Model railroad enthusiasts pay attention to detail and are often inspired to recreate historical elements with accuracy. And sometimes, these are the same people. What happens when these two hobbies collide? It's called garden railroading, a pastime so popular that it has its own range of models (that run on G gauge track) and niche gardening clubs and magazines.
Installing a garden railroad is a great family or group project. It can bring together people with disparate interests and skills, and can encourage children to interact with the natural world. However, installing a garden railroad can be an expensive proposition, so draw up a budget and price out all parts of your railroad before you get started. If your group is a non-profit, you may consider fundraising options.
Of course, you want to start with a train that you love. There are replicas of old-timey steam engines (complete with packages that make actual steam) to ultra-modern engines. You can even mount cameras to the front of your train so you can see the railroad from the engineer's perspective. The gauge in model railroading refers to the width of the tracks, and there are a couple of different scale train cars that will run on these (from 1:20 to 1:32). Garden railroad tracks are designed for outdoor use and can be installed permanently onto a properly sloped and leveled track bed. Of course, a garden railroad track can also be temporarily assembled indoors on a level floor.
The cars themselves are not designed to stay outside (this applies doubly to the engine), so many garden railroads include a train barn that the cars can be driven into. One railroad setup I've seen allows for the engine to drive directly into a garage at shelf height. Just make sure your equipment is protected and sheltered from the weather. A garden railroad does represent a significant investment, so treat it with care.
You need to evaluate the space you have available for your railroad garden. Decide if you have enough room for a loop, or if the train will run along a dog-bone (a double track with a loop at each end), or if it will just go point to point along a single piece of track. Variations on this are endless. If you don't have a lot of space, you can get creative, such as this railroad running up along a fence line.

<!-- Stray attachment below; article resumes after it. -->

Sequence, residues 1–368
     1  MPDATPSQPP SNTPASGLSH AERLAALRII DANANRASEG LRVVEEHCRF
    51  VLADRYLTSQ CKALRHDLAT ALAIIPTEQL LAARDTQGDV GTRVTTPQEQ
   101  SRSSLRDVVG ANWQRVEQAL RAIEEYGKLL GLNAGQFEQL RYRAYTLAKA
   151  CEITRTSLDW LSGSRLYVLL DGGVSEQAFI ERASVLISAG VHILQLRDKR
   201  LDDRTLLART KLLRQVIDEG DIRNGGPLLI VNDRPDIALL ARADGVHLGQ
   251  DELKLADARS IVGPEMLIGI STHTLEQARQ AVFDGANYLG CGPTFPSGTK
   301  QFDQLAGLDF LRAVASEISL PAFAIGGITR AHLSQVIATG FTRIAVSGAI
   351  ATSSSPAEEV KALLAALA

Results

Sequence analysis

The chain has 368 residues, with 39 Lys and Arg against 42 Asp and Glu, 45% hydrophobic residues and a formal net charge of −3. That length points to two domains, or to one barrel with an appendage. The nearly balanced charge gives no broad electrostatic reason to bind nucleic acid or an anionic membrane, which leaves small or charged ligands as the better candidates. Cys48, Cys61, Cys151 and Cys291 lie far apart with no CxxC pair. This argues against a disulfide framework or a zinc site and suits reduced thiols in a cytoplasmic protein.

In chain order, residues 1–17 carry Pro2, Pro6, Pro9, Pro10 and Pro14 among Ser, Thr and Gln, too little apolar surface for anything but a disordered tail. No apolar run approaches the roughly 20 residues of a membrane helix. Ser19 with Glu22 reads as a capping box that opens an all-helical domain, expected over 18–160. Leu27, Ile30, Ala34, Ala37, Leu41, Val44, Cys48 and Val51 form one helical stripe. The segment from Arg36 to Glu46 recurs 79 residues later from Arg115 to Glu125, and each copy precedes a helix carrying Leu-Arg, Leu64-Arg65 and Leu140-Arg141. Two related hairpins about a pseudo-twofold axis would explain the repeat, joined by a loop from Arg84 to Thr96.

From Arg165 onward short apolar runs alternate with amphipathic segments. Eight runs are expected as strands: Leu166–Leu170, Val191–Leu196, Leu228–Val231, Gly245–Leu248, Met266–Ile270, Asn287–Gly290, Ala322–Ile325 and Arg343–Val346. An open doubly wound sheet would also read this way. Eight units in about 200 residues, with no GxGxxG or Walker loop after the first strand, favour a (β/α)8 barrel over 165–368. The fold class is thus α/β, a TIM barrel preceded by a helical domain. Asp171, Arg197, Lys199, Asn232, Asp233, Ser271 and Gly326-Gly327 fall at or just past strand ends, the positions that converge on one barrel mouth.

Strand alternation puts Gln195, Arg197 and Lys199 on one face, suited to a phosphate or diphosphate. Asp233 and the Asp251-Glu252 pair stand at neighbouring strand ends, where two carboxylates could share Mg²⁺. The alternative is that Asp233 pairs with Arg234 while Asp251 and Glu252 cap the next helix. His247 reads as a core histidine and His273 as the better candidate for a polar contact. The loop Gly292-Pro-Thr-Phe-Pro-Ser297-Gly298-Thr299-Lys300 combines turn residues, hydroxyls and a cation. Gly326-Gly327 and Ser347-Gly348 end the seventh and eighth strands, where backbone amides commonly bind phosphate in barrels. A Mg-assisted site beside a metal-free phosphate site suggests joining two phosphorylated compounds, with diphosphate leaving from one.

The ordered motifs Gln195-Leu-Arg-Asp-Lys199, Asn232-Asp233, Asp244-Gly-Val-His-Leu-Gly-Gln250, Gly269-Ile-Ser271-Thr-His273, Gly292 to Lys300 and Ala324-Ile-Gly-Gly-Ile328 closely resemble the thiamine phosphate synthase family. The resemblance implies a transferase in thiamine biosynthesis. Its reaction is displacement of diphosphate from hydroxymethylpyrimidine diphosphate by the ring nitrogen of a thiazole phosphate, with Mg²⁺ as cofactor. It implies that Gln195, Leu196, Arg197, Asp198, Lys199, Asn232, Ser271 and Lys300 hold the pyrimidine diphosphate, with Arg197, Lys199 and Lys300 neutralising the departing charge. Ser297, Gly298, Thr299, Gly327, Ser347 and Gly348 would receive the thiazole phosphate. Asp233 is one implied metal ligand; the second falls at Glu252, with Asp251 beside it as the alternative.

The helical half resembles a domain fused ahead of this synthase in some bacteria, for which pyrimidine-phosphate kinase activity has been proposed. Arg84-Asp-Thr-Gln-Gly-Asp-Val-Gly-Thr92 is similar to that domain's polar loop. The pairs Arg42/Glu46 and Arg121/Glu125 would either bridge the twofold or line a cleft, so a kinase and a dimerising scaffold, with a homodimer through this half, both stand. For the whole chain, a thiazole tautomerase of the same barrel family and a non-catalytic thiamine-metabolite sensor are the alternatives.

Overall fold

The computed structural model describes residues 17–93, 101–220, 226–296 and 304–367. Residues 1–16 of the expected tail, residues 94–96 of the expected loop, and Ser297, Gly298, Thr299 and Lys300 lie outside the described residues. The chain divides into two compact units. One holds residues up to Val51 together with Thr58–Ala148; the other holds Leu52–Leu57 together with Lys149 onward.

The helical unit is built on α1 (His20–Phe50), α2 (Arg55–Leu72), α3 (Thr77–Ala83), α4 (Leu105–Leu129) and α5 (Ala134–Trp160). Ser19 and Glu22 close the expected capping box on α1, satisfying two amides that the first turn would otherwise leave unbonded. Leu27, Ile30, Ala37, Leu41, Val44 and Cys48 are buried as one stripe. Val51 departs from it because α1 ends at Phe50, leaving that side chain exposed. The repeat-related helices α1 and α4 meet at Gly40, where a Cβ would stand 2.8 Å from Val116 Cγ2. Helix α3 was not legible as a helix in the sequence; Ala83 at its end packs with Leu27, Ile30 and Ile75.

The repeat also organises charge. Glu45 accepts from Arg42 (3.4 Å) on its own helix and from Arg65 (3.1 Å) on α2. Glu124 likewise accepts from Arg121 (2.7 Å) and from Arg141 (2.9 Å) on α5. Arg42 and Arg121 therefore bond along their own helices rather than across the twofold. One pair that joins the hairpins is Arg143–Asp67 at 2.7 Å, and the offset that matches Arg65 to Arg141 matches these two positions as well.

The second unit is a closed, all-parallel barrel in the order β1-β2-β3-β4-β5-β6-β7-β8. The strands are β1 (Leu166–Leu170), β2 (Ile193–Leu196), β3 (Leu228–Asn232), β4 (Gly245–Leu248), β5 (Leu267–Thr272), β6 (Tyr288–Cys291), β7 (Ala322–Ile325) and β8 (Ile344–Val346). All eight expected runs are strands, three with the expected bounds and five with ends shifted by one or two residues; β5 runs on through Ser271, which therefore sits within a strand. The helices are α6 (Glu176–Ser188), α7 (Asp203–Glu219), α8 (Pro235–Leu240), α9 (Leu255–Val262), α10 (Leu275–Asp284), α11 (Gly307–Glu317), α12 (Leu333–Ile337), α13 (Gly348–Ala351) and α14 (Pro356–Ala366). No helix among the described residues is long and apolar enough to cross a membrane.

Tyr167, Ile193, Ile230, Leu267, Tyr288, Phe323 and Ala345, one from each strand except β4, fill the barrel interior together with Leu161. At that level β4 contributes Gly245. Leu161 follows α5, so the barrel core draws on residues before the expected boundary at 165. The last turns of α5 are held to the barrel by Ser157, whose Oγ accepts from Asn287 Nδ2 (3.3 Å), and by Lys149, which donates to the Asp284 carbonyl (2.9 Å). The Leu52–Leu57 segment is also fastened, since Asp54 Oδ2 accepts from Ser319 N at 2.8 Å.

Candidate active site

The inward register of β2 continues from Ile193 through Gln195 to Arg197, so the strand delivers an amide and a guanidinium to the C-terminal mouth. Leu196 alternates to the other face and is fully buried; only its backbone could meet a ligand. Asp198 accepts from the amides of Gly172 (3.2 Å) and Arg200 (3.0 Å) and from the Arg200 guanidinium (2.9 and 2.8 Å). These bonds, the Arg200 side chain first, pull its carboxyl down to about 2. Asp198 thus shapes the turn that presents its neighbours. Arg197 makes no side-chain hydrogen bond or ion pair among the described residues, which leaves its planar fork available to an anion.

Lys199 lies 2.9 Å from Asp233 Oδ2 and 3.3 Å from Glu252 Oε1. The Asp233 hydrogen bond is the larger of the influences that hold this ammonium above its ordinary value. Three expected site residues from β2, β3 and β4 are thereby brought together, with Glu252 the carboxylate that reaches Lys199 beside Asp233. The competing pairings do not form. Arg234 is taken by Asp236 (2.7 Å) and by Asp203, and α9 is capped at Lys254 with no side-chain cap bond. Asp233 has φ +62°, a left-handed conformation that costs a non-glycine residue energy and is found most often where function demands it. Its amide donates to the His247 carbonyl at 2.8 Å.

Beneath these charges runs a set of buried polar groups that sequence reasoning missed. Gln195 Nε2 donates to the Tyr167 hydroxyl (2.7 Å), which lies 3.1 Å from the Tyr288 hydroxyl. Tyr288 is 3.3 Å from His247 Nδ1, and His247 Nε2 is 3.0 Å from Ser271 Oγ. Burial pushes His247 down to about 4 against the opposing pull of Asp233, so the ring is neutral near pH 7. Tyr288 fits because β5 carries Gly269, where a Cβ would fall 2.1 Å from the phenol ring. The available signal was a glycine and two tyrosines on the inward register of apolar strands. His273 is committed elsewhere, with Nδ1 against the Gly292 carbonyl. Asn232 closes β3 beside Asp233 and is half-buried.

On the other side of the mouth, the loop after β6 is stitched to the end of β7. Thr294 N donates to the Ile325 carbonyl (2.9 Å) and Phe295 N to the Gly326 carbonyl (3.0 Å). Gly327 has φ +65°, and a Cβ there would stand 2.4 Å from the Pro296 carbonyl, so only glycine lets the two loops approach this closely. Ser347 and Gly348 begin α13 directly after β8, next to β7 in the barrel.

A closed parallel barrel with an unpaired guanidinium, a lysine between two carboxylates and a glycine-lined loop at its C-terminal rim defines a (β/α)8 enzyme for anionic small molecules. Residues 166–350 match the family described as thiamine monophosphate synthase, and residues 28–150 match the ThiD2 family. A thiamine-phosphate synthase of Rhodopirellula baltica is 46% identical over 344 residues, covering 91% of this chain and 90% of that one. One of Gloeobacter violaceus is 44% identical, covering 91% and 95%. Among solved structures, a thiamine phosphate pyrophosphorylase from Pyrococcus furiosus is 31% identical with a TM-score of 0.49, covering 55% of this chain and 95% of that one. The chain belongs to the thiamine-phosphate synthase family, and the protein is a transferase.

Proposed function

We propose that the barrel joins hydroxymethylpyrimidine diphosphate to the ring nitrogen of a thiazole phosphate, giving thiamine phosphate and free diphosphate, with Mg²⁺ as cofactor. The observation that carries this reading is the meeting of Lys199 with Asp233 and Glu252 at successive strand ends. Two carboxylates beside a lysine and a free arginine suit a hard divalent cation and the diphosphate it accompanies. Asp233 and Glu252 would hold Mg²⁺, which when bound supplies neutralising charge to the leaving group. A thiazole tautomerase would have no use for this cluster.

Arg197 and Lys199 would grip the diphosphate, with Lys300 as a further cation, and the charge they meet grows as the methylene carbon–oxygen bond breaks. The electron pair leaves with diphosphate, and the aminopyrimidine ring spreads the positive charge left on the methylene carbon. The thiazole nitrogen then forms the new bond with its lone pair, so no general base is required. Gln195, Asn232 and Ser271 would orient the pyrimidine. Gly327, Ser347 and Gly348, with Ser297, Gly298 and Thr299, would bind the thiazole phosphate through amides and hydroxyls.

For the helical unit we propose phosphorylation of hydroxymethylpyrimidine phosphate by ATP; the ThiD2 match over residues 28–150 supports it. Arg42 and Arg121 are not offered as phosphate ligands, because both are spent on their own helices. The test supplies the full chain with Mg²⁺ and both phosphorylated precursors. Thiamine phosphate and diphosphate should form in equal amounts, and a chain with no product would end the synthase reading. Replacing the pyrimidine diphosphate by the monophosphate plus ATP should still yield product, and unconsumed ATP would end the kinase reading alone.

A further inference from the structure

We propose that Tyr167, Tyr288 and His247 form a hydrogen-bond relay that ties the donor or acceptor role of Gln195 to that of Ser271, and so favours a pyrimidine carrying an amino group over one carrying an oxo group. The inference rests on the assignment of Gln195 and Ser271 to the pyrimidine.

Once you have decided on the basic bones for your railroad, that's when you start to get creative. Will you flatten the space, or sculpt hills (keep in mind that trains can only make it up certain slopes). Will you attempt to recreate a particular historic railroad, or an era in history - or maybe something futuristic or surreal? You can make decals, or paint your cars to match any dream you have in mind.
Don't forget to add buildings, people, and vehicles to add realism to your railroad. You can buy these items pre-made from a hobby store, or you can design your own. If there is a water feature in the garden, this gives you an opportunity to build a trestle or other type of bridge for your train. You can buy tunnels for your railroad, or you can engineer them using landscaping rocks.
But the most important element in defining your railroad is the way you landscape it. The plants you choose will determine how realistic your design is - and also how much maintenance it will take. The simplest option would be to extend the gravel from under the trackbed across the railroad's space and use a couple of cactus to mimic a desert landscape. But you can get truly elaborate - using bonsai versions of full size trees, creating jungles out of ferns, or making alien landscapes with African Daisies. No matter what you use, pay attention to scale. If there isn't a dwarf or miniature version of the plant that would be in the real landscape, think about what plants might look similar. Can you include thyme or sedums to mimic bushes? How about well-trimmed rosemary plants to take the place of a pine forest? (the up-side of that would be that the rosemary would smell great too!) The only rule is to have fun with it. Once the track is in place, it could be difficult to keep unwanted grass and weeds out, so a good quality landscape fabric underneath it all could lessen the upkeep.
I hope this article has inspired you explore garden railroading - or at the very least to visit a garden railroad organization in your area. They often open member railroads for viewing. Even if you don't add a railroad to your own landscape, it may change the way you think about the context of the plants you choose.
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